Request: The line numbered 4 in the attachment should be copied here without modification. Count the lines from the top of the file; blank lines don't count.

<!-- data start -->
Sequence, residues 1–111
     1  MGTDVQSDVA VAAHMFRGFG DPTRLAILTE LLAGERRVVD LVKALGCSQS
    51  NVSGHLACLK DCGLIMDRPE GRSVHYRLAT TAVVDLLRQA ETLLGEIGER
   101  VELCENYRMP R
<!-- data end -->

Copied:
   101  VELCENYRMP R